How to get scammed when you sell things online (UPDATED)

Alexander Almegaard
4 min readMar 23, 2021

Within one week of putting some camera gear online, I was contacted no more than 4 times by scammers. How they scam surprised me a bit — and I hadn’t experienced that in Denmark before.

Here’s their approach:

  1. They want you to contact them off the platform where you are selling the item. Either email, text or WhatsApp.
On a Danish market place called

2. They will usually pretend they are interested in the item and ask stupid questions that are already mentioned in the ad:

I’m already getting ahead of myself with the questions here, because I know it’s a scam 😂

3. They will sometimes like to purchase even more than what they were initially interested in. In this case I just came up with a random and outrageous price that is 4x what I have for sale.

Had to set a ridiculous price to see if they would buy..

4. They will suggest bank transfer or PayPal as the way to pay and they will ask nicely for your bank details.

Usually they “support” fake PayPal emails too, but not in this case 🤷‍♂️

5. They will ask to have things shipped to the UK (typically, if they are scamming Danes).

I sent him a bunch of random information

FUN FACT! It’s the second time this address is showing up, out of four scammers so far. Let me type it out so it shows up in search results online..

David Hyde
19 East Cliff Folkestone
United Kingdom

7. They will send you a fake email (and sometimes fake text messages from their gateway) to convince you that the money has been transferred and that you should ship the package.



But what do they get from this?!

That’s the most ridiculous part. Assuming it works something like these examples below, they have mules in the country where they ask you to send the package. Mules that are in many cases unknowing of the actual large scale operation. Here are some examples:

Jim Browning’s Catching Money Mules ft. Mark Rober

Mark Rober’s Glitterbomb Trap Catches Phone Scammer

When the package is scheduled to arrive, the mule will wait outside the house, or they will have actually booked an Airbnb in that house. From there they will pass on the package to the supervisor and will get paid. I assume that the organisation behind will then sell the goods and cash in. That’s a lot to go through for some older camera gear..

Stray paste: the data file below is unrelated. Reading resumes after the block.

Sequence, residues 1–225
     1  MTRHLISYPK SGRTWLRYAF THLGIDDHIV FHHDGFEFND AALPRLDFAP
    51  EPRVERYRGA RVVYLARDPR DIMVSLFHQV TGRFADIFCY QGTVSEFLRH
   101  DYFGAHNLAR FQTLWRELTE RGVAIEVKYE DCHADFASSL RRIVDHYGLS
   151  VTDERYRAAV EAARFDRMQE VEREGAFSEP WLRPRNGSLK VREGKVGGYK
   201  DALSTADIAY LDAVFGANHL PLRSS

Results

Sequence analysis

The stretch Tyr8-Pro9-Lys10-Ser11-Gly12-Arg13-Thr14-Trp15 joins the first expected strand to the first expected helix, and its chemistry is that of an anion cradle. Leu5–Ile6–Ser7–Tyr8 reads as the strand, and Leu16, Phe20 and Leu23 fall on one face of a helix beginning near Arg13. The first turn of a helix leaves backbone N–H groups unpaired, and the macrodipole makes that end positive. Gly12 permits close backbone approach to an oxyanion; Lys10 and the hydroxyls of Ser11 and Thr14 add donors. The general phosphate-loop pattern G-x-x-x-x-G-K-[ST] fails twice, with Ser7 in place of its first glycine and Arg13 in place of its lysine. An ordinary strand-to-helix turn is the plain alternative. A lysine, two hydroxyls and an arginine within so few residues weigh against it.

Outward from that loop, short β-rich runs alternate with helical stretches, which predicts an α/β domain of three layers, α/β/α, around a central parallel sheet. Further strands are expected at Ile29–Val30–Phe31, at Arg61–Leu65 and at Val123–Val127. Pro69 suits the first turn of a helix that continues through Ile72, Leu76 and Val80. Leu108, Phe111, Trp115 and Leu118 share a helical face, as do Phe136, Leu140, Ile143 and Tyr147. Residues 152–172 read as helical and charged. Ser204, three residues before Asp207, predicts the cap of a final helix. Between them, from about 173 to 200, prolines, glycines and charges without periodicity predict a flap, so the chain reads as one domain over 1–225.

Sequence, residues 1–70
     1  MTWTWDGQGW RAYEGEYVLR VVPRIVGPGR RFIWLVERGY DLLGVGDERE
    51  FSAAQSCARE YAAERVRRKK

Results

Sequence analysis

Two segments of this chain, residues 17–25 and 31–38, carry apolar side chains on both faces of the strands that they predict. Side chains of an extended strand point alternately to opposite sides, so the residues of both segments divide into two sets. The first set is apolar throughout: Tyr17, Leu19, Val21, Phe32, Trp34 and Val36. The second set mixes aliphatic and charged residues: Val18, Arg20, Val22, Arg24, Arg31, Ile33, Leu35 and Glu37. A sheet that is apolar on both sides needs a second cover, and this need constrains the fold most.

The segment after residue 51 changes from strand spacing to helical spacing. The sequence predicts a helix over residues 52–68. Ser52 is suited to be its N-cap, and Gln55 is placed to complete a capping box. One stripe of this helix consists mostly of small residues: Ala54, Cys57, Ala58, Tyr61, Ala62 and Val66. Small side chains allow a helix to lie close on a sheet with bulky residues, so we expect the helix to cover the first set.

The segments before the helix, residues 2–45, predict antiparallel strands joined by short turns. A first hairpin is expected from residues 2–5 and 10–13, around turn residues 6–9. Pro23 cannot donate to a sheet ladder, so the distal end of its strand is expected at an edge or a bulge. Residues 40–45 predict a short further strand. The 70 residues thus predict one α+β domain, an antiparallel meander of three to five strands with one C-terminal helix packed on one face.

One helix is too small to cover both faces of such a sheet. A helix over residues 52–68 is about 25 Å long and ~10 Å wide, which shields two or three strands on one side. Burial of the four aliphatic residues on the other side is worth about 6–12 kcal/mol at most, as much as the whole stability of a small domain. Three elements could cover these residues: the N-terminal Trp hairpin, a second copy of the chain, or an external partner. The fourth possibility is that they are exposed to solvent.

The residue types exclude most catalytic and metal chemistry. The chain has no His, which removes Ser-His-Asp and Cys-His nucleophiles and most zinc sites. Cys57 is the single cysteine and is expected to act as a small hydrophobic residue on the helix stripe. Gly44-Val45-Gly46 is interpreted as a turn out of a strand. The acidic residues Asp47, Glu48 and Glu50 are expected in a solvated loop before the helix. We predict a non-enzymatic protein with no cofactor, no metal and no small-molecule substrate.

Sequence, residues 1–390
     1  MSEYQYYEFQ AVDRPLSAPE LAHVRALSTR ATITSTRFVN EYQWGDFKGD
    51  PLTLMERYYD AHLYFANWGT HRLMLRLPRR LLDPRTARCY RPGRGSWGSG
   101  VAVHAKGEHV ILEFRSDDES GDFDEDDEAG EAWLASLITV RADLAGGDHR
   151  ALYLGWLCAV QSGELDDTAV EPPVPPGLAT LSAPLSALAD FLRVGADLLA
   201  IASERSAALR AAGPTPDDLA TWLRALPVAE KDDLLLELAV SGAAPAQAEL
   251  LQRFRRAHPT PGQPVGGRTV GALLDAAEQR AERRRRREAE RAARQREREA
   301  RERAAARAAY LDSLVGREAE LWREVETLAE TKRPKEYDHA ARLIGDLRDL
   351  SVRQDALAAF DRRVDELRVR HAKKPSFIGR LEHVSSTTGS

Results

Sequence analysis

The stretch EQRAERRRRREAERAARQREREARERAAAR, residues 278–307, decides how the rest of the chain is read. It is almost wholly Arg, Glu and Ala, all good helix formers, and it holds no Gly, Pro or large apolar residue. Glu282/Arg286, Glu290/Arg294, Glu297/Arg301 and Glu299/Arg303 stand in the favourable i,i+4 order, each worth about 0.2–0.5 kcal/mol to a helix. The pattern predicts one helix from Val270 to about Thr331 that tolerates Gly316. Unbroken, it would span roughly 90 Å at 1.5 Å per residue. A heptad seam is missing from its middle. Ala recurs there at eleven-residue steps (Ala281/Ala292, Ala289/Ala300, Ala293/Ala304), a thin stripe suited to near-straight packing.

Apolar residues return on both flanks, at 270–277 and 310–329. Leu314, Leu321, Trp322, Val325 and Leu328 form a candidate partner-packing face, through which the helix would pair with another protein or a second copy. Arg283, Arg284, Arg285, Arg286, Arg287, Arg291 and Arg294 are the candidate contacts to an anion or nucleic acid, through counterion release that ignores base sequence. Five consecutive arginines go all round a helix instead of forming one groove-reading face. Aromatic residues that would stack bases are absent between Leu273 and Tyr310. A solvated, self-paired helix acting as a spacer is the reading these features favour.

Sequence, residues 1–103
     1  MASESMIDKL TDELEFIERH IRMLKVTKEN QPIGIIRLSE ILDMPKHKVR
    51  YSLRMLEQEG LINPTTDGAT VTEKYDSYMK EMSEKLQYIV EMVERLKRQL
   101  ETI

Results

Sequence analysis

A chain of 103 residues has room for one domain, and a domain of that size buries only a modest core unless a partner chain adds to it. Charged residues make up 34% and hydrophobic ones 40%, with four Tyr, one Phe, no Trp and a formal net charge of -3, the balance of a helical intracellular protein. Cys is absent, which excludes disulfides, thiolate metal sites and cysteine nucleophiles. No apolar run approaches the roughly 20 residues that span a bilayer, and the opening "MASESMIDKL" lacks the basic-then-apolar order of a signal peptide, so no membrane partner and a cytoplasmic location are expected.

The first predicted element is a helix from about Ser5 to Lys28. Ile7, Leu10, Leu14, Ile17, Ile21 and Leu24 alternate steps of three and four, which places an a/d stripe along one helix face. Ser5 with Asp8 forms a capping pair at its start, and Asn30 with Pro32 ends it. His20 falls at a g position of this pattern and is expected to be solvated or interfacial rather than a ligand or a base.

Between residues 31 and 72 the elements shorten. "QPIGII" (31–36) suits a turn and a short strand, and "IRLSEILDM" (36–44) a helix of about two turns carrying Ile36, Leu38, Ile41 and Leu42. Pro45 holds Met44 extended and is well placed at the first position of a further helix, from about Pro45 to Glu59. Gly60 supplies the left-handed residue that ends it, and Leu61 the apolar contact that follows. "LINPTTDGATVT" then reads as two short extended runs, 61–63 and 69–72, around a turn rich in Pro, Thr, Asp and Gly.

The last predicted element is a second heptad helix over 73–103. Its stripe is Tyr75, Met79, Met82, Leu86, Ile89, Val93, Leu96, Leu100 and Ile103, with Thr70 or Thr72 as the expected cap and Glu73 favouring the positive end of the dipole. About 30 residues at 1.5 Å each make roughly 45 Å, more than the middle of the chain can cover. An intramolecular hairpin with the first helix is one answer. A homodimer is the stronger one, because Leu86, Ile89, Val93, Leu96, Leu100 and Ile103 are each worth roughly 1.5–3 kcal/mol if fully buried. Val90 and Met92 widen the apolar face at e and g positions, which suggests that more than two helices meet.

So, hopefully some of you will be saved by reading this, and some will help spread the word. The only thing that’s left is to send them a giant 💩 in a box..

Scammer wishes you a good night:



Over the last couple of days I have kept receiving more and more inquiries from these scammers. Most of them even use the same freakin’ address and must therefore be part of the same scam organization. I will list screenshots emails, phone numbers and adresses here so that people who search for these hopefully come across this information.

The last name is even Hyde David, like the other address is for a David Hyde 😂

“Elizabeth Hyde David”
+44 7418 323480

19 East Cliff Folkestone
United Kingdom
(again, the same address… 😅)

Screenshots that didn’t make the cut:

Another scam, using the same address but “supporting” fake PayPal emails
Me trying to teach them how to make fake emails.. probably shouldn’t..

Just typing things out again for the search engines to be able to find them:

Name: Sharon Williams ( and
Address: 101B High street,
City: London
Zip code: E15 2DE
United Kingdom

Your husband is from Aalborg, so that’s why you want a “Danish camera”?
My Photoshopped box for the scammer
The scammers “proof” that he’s in the bank
My “proof” that I’m in the post office
Freeeeedom, love, and free camera gear!

If anyone wants to dive deeper into this, the full email headers are here:



Alexander Almegaard

Photographer and coffee nerd. Writing about photography, technology and privacy. Building digital products for the climate at ZeroNorth.